About 70 percent of North America’s native bee species are solitary and nest in bare ground. Bumble bee colonies are quite small, typically around 50 to 100 individuals but rarely exceeding 200.  Honeybee colonies are much larger – the Canadian Honey Council reports there may be more than 50,000 bees in a single colony. Naturally occurring pollen amounts may not be able to sustain such large honeybee populations. Some beekeepers therefore supplement honeybees with sugar syrups and other pollen substitutes to maintain large, otherwise unsustainable, honeybee populations on the landscape.

The sheer numbers of honeybees collectively depleting natural sources of pollen can devastate native bee populations. A single honeybee colony can eat food that otherwise would have sustained 100,000 native bees. This effect may be reflected in the fact that bumble bees located near honeybee hives gain less weight and have smaller queens. Unfortunately, Alberta has a love affair with the honeybee – over 40 percent of the country’s honeybees are in Alberta.

A decrease in native bees should be cause for public alarm. Their decline threatens crop pollination – one indispensable public benefit they provide. Other cascading impacts may include the loss of certain wildflower species since honeybees lack the specialization needed to pollinate them. Honeybees also may perpetuate the spread of invasive species by pollinating invasive plants.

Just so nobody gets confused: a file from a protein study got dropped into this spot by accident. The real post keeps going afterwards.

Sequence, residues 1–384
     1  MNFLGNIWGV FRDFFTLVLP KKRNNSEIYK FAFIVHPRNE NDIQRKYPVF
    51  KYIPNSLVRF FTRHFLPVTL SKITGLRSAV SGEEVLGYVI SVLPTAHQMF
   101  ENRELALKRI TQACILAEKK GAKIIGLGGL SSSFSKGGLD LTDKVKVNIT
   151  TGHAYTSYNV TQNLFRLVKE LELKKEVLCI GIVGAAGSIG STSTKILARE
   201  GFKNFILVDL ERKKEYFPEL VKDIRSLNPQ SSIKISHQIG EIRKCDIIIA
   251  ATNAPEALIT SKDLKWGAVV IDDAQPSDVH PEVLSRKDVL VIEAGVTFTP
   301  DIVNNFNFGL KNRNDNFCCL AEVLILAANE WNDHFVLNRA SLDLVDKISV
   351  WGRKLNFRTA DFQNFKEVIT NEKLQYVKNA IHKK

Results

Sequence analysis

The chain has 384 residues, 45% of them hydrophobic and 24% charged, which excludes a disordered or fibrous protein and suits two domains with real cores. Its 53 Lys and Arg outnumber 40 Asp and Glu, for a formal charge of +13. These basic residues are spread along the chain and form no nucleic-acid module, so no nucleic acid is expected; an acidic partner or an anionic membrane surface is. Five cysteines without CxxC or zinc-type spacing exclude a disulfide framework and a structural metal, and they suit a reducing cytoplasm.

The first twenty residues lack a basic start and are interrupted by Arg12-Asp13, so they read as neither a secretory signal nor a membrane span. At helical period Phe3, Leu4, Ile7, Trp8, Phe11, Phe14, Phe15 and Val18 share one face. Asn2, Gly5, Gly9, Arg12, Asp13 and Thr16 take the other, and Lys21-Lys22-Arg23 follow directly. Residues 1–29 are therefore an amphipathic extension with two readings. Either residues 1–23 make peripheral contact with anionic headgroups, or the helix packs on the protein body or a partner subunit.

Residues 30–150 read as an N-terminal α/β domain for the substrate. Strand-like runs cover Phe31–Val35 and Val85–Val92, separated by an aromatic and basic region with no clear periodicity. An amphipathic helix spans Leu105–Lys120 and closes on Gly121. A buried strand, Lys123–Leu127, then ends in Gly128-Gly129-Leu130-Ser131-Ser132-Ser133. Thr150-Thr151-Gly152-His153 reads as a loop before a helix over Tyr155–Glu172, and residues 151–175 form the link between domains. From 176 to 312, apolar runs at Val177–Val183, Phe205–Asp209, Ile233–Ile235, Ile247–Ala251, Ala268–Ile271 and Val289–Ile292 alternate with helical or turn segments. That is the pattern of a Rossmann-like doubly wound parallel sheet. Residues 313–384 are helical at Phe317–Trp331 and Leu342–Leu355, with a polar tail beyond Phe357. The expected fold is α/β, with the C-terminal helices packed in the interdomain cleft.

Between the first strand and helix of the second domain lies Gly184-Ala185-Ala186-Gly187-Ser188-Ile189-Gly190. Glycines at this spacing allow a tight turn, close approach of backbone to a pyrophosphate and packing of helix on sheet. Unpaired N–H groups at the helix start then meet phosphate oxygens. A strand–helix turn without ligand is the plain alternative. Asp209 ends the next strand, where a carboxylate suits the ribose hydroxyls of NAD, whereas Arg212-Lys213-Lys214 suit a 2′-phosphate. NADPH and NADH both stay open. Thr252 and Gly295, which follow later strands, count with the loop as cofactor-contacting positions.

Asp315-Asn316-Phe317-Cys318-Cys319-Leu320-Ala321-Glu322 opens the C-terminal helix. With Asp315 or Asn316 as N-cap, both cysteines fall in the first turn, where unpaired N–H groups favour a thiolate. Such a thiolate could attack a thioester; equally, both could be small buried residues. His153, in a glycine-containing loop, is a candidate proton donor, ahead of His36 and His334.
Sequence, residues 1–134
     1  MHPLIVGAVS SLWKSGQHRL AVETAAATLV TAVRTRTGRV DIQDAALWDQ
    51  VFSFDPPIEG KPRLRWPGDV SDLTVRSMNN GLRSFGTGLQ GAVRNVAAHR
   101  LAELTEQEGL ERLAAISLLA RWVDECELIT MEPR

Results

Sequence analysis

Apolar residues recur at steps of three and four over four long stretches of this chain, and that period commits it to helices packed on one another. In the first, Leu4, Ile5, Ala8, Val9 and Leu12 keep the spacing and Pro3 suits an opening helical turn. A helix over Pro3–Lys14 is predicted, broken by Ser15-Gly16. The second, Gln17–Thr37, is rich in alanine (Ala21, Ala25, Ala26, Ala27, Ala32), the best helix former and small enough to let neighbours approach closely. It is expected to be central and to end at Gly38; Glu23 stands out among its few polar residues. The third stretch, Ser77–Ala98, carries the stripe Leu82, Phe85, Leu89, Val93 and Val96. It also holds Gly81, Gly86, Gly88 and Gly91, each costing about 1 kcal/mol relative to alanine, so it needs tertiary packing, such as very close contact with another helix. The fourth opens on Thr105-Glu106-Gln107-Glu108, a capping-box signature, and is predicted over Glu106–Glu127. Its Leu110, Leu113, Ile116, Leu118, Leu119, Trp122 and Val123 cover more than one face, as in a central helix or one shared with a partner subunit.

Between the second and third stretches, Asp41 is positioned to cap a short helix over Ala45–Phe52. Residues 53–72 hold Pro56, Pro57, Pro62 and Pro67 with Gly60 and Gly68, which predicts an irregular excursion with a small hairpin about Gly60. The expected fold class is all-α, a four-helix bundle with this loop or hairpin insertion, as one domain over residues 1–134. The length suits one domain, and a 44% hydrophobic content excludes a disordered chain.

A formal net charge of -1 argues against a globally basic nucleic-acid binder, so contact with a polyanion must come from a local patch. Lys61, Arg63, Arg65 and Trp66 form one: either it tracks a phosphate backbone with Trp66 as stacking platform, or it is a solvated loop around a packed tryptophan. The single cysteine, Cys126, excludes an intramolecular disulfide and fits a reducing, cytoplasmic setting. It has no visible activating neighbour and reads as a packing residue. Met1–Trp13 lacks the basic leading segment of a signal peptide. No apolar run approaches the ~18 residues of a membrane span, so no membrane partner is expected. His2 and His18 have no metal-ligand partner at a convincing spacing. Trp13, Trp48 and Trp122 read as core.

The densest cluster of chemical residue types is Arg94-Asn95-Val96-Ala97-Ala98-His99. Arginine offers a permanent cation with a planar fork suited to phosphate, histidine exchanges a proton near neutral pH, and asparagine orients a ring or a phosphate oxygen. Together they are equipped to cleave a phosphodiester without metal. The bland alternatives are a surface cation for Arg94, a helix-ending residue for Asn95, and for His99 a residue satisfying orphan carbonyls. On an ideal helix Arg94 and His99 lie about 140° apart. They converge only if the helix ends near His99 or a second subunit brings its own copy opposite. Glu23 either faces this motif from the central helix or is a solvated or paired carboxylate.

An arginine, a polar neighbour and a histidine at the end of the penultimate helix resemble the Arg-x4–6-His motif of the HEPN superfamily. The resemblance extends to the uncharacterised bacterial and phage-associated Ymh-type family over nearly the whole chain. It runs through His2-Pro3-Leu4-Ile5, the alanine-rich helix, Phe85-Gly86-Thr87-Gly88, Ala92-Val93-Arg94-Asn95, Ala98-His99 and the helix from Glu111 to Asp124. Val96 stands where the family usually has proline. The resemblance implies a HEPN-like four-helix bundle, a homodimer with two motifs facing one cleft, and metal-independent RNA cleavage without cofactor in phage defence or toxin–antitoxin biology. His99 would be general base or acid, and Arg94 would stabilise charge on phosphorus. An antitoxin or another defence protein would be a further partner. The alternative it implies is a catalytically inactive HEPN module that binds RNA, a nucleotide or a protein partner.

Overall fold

Solutions

Luckily, solutions are within reach. Despite widespread public outcry, the Canadian Government has refused to ban neonicotinoids; this simple change would provide a significant benefit to our native bees. In agricultural settings, it’s important to move away from monoculture crops and provide “bee refugia” – strips of native wildflowers and trees to provide nesting sites and a year-round diverse supply of food. In Europe, financial incentives offered to agricultural producers who restore grasslands and set aside areas of wildflowers have helped increase bumble bee species and numbers. In Alberta, healthy rangelands have greater numbers of bee species, suggesting that ranchers can play an important role in sustaining bee diversity.

Of course, wildlands are a vital source of diverse habitat and food  for specialist native bee species. However, researchers such as James Cane and Vincent Tepedino believe this refuge in the U.S. is increasingly imperiled as “managed honeybee hives may be placed after midsummer (e.g., Rocky Mountains, Sierra Nevada, and the Great Basin)” in wildland areas. This “supplemental” feeding of honeybees likely reduces the food supply of native bees and increases the risk of honeybees invading and/or spreading disease. Honeybees should not be brought into wild areas. Cane and Tepedino also recommend reducing the number of honeybee hives. Interestingly, despite the investment agricultural producers make in shipping around honeybees, native bees are actually more efficient in crop pollination and are able to do most of the pollinating legwork for 86 percent of crops.